This article originally appeared in Food & Wine Magazine.
Sotheby's sells ultra-rare Bordeaux for hundreds of thousands of dollars. But its President of Wine, Jamie Ritchie, says there are also fantastic values to be had—if you know where to look.
SOTHEBY’S PRESIDENT OF WINE, JAMIE RITCHIE. © ETHAN HILL
You’ve been with the Sotheby’s wine department for more than 25 years. What advice do you have for wine-auction neophytes?
The first thing I’d say is to call us, the wine department. We’re happy to give people help with what they’re looking for, what kinds of wine to bid on, how to bid and so on—it’s essentially free advice. Are they looking for wines to invest in? To drink? Or drink in 10 years? There’s zero fee for any of that.
What else would you suggest?
I’d watch out for buying too much wine that’s going to be ready to drink all at one time—buying cases and cases of one vintage of Bordeaux, for instance. Also, if you’re going to buy wine as an investment, keep in mind that there are relatively few wines that actually appreciate in value over time. Maybe 20 to 30 Bordeaux châteaus and 10 Burgundy producers, and only from the best vintages, make up the majority of the investment market.
Most auction news is about cases of ultra-rare, ultra-expensive wine. Are there still any steals to be had?
Always. There’s always value to be found, whether it’s a vintage, a winery or an area. For instance, wines that aren’t the main focus of a collection: Mixed lots [a case of 12 different bottles, for example] can be fun to drink and an incredible value. We had a lot of five bottles—1978 and 1981 Ducru-Beaucaillous, three 1981 Gruaud Laroses—that sold for $49 a bottle recently. [2014 Ducru-Beaucaillou is about $110.
What’s the largest auction you’ve ever run?
A collection of 75,000 bottles, owned by Prince Johannes von Thurn und Taxis of Germany. We had 22 Dutch students helping us, and it still took 10 days to pack up. We had to haul it out of the basement of a castle. The prince used to throw parties for, you know, a thousand people—if you’re having dinner for a thousand and pouring everyone the same wine, you need a lot of it. And he was a man who really liked having parties.
What about the most expensive bottle you’ve ever sold?
Lafite 1869, which we sold in 2010 in Hong Kong. It went for almost $233,000 a bottle. It’s still the most expensive single wine that’s ever been sold at auction. And we sold three of them, one after another, all to the same buyer. That sale was nuts. It was at the peak of the wine-auction frenzy in China. We’d estimated the wine would go for more like $5,000. But I’m not complaining.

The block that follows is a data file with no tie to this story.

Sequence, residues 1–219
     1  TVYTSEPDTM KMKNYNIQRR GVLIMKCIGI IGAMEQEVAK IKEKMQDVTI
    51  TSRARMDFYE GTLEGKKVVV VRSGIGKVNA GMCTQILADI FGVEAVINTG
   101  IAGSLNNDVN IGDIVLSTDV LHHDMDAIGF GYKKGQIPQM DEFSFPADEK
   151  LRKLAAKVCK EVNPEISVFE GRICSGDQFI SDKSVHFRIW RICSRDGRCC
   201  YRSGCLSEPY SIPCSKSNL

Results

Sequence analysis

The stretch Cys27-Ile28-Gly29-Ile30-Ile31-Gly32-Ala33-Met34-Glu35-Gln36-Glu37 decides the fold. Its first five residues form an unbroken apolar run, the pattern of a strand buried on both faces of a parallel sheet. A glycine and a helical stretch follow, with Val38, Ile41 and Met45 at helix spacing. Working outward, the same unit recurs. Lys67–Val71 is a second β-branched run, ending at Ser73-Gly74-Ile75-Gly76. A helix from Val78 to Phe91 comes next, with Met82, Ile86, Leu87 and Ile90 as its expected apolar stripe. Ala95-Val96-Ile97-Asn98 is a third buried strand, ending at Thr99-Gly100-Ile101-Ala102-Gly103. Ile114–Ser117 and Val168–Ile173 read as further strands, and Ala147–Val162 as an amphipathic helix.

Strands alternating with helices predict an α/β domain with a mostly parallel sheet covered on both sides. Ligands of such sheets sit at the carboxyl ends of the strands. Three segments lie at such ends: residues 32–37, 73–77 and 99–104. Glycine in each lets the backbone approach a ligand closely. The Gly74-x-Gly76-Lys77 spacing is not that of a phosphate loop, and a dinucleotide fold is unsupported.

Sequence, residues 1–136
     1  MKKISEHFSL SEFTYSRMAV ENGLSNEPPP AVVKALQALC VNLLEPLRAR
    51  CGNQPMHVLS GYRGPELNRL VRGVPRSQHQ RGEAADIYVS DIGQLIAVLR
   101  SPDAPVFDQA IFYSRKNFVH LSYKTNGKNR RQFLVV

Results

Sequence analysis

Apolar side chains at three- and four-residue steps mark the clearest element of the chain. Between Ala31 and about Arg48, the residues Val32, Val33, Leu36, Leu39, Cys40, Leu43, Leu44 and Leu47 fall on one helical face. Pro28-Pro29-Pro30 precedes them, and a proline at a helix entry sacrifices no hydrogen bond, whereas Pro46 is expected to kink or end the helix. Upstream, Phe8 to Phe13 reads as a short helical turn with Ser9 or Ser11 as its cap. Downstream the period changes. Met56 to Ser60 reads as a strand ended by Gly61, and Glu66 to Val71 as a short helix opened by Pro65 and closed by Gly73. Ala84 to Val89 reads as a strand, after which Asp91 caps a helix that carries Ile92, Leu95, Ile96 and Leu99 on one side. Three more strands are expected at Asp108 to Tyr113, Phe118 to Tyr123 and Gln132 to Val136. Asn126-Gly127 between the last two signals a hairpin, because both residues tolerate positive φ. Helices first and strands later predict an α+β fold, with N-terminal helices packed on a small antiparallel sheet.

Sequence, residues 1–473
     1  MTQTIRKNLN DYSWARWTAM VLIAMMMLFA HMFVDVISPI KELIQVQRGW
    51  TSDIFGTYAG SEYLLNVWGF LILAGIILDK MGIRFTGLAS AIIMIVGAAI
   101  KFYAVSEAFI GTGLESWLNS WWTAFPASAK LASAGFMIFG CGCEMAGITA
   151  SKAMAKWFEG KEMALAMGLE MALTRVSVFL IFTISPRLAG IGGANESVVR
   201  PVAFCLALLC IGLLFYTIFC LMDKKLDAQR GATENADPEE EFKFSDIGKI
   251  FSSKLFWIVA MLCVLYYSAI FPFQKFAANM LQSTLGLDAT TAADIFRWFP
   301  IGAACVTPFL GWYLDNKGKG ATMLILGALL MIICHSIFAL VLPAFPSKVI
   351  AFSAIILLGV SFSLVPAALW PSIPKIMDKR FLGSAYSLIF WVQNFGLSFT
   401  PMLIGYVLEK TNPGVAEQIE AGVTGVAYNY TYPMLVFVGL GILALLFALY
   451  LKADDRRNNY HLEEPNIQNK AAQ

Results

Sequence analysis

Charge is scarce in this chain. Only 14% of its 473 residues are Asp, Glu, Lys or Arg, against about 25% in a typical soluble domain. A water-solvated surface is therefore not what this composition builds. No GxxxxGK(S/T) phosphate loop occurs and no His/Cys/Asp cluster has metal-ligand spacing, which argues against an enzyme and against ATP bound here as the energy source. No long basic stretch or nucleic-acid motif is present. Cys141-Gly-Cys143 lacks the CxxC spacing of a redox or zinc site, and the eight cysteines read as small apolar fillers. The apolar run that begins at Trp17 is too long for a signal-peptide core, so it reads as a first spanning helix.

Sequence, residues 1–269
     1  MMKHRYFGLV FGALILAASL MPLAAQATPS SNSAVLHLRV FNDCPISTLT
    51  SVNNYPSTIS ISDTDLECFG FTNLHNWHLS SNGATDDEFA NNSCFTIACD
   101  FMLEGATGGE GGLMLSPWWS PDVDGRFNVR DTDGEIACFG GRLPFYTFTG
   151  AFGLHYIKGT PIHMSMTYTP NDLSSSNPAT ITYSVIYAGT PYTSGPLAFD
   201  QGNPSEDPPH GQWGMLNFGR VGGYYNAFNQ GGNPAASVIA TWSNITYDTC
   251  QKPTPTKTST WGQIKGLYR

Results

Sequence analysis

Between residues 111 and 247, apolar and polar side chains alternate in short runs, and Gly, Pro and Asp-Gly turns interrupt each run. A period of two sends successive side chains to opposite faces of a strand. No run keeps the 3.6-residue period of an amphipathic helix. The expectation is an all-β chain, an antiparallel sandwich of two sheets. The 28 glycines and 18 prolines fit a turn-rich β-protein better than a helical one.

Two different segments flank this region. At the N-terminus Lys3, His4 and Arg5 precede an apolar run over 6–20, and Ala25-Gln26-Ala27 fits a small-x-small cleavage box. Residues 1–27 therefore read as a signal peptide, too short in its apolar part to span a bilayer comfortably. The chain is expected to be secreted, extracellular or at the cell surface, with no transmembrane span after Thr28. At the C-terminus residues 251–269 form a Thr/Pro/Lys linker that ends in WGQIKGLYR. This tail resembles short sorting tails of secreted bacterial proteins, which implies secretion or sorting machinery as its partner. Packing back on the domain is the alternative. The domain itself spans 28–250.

For those who don’t feel like spending hundreds of thousands of dollars on one bottle of wine, what would you suggest?
People forget that Bordeaux under $25 can be a really good drink. At our retail store I could find 10 fantastic examples of under-$25 Bordeaux easily; a couple of my favorites are the 2010 Château Barreyre and the 2011 Divin de Corbin. I defy you not to finish either of them! Also, at auctions, consider good but overlooked vintages. With Bordeaux, the ’01s are completely overshadowed by 2000. The 1998 vintage is sort of another lost vintage in terms of the market. And there are some super 2004s that are drinking very well right now, too.
Is Bordeaux the heart of the auction market?
Over 60 percent of our annual sales are still Bordeaux. The thing about Bordeaux is it produces enough wine at high enough prices; however many new Colgins or Harlans or Screaming Eagles there are in Napa, they’re still just a drop in the wine ocean. The same with Burgundy.
What led you to work in the wine-auction world in the first place?
Back in the late 1980s, I was thinking about a career in the wine business—I was working in a restaurant while I was a law student—and I thought, I’m probably overambitious, but if I live till I’m 70 and drink a bottle of wine every day, then I’ll end up drinking about 20,000 bottles of wine in my life. So I figured that if I was going to be in the wine business, I ought to work at the fine-wine end of it. The other side of it is that I always wanted to be an actor. In England, a failed actor becomes a lawyer, because you still get to perform in a court of law, and evidently failed lawyers become auctioneers for the same reason.
How far have you gotten into those 20,000 bottles?
I can rarely think of a day when I haven’t had a glass of wine, and I’m 52...so 12,500 bottles in. The other thing about being an auctioneer is you have to be good at math.
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